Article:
It all comes back to Eric Bledsoe. Every decision the Milwaukee Bucks have made in the past two years can be traced to the moment Jon Horst opened Pandora’s box and stuck a four-year, $72 million extension for his starting point guard inside. Without the Bledsoe deal, the Bucks have the cash to re-sign Malcolm Brogdon underneath the luxury tax. If Brogdon stays, Milwaukee doesn’t need to dump all of its draft capital into Jrue Holiday. If Holiday is never acquired, he’s never handed a four-year max extension worth nearly double what Brogdon got from the Pacers.
No single reactionary move was indefensible in itself. Brogdon’s injury issues made him a risky proposition. Holiday has been everything Milwaukee could have hoped for. If the Bucks hadn’t paid him, half a dozen other teams would have competed for the chance to do so this summer. There are worse places to be than 32-17 with a two-time reigning MVP. You make the sort of expenditures Milwaukee has made specifically to get to this point.
It just goes to show just how much a single mistake can compound. It’s the tragic lifecycle of most budding contenders. For every dynasty, there are 10 James Harden trades, self-inflicted wounds based on poor judgment or internal squabbles or financial fictions that topple juggernauts before they can grow into champions. The Bucks recognized their mistake early and have done everything in their power to correct it. It may or may not be enough to salvage their championship ambitions, but it created an unparalleled strain on the future that once awaited them.
In the next seven NBA drafts, Milwaukee controls only one of its own first-round picks. At a bare minimum, the Bucks will be paying the luxury tax for at least the next two seasons, three if Khris Middleton picks up his 2023-24 option. That puts them right in range of the repeater tax should Middleton stay put afterward. The danger doesn’t lie in the actual cost, though, but rather, the opportunity cost of Milwaukee’s salary structure.
Middleton will turn 30 this offseason. Holiday turns 31 in June, and his own medical history is far from ideal. Brook Lopez is 33 and P.J. Tucker is 35. Donte DiVincenzo is the only core Buck outside of Giannis Antetokounmpo on the right side of the NBA’s traditional aging curve, and by the time he hits his peak, his teammates will be past theirs. The Bucks are contenders, but not favorites. They very well could win a championship in the next several years, but it’s worth considering what might happen if they don’t.
The Bucks have no exit strategy. They have no obvious method of internal improvement and a salary structure that inadvertently prevents any sort of instant reboot. As tempting as it might be to try to lure a star free agent to play alongside Giannis, all five Milwaukee starters have contracts that expire in different seasons. That practically rules out the possibility of max cap space in any single offseason. There won’t be another Holiday-style trade in the works because the original Holiday deal deprived them of their assets. If DiVincenzo extends this offseason, he’ll be hard to trade next year because of base-year compensation. If he doesn’t? He’ll be hard to trade for anything meaningful because he barely makes any money. At best, their next likely shot at a major move will come at the 2023 trade deadline, when Lopez will have a $14 million expiring contract and their 2029 first-round pick will be tradable. What’s one more line of credit for a team that’s already taken out four mortgages on its future?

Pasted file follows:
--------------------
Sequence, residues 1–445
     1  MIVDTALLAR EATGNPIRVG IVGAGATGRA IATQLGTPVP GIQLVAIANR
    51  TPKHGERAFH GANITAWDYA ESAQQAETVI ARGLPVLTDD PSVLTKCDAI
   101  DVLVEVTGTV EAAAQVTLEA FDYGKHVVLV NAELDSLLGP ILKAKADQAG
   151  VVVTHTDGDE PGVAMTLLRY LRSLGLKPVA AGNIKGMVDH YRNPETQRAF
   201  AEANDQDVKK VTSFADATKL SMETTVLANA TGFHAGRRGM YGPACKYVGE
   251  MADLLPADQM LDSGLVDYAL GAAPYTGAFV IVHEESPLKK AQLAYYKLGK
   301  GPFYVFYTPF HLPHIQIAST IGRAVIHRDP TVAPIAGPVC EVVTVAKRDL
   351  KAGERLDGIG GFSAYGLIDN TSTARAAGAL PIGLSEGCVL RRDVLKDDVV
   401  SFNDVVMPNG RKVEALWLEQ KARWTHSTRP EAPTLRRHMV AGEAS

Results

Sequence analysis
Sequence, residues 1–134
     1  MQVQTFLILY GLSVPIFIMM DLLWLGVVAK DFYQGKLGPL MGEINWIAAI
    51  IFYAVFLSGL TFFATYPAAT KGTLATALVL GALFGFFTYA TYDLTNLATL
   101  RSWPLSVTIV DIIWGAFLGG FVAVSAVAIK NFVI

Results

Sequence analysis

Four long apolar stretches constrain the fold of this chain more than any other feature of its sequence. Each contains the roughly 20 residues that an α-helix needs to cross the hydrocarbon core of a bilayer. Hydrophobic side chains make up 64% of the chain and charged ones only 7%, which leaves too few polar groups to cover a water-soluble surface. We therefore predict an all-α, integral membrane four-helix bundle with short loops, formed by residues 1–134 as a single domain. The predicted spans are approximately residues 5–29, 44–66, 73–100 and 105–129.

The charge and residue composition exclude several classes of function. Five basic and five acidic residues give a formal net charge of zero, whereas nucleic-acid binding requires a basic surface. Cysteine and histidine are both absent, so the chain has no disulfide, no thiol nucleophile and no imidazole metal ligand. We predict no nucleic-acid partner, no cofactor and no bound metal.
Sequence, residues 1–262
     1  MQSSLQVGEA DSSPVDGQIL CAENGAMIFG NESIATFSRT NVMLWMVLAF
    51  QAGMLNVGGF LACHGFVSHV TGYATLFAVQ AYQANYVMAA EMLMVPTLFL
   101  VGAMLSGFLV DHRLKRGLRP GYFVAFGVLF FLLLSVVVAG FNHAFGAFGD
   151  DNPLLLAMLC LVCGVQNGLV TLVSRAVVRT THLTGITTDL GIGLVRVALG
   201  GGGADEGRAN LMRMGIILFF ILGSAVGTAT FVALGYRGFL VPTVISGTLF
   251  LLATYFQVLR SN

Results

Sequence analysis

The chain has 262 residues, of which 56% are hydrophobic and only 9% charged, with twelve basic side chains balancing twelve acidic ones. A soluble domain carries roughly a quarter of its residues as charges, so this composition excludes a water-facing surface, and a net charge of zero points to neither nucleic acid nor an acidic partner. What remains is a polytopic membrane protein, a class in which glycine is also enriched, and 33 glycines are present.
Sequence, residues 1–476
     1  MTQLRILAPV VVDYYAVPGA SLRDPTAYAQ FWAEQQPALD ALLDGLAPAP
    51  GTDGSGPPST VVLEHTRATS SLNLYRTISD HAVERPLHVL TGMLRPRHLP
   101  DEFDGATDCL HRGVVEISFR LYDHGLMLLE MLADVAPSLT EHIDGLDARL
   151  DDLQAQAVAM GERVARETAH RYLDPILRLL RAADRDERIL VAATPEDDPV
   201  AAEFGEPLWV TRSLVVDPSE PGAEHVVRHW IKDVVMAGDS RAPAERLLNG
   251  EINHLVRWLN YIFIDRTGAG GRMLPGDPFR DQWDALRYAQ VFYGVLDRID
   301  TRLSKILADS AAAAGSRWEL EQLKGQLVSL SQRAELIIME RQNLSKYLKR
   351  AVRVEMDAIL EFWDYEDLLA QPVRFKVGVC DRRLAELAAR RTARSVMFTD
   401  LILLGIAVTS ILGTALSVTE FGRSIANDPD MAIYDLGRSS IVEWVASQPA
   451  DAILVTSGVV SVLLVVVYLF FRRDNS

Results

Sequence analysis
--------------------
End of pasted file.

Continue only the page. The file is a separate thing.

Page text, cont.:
The Bucks know what the alternative looks like. They lost a 27-year-old Kareem Abdul-Jabbar and had to wait 40 years to replace him. Players like Antetokounmpo can’t be squandered. The Bucks had no future without Giannis, so they sold the one they had for a present worthy of such a player. Antetokounmpo was under contract for one year before the Holiday trade. He’s under contract for six now. That’s worth an extra $136 million and then some. The Bucks were over next season’s projected cap even before Holiday’s new deal. They never could’ve created the space to replace him had he walked.
But lay out every possible outcome here and a startling number look bad for the Bucks. In some, Holiday gets hurt. In some, he and Middleton and Lopez age badly. In some, none of this matters because of the bullies in Brooklyn, and the Bucks spend the next several seasons as a casualty of the Nets’ rampage through the Eastern Conference.
These aren’t reasons not to re-sign Holiday. They are ways that the decision to do so, no matter how necessary, can still go horribly wrong. The road to chaos is paved with good intentions, after all, and even if the Bucks used the Holiday trade as an off-ramp, the journey started at the Bledsoe extension. That one mistake cost the Bucks their depth, the draft capital and their flexibility. They no longer have those safety nets. If this deal turns out to be the same sort of mistake, the cost is going to be far greater.
The gamble positions the Bucks as one of the NBA’s all-time all-in propositions. Banners fly forever. A championship buys you another four decades of patience with your fan base. That patience will start to wear thin with each successive season ending in anything other than confetti. Antetokounmpo is happy in Milwaukee for the moment. Would he be after a second-round exit in 2023 or 2024 playing alongside an aging support cast? Could Milwaukee placate him without the ammo to make another Holiday-sized move at that point?
We don’t know. Neither do the Bucks. They’re paying $136 million in the hopes that they never have to find out. That chance alone is worth every penny, but it leaves the Bucks with an empty piggy bank. The grace period is over. Milwaukee survived one bad guard contract. Their entire future depends on this not becoming another one.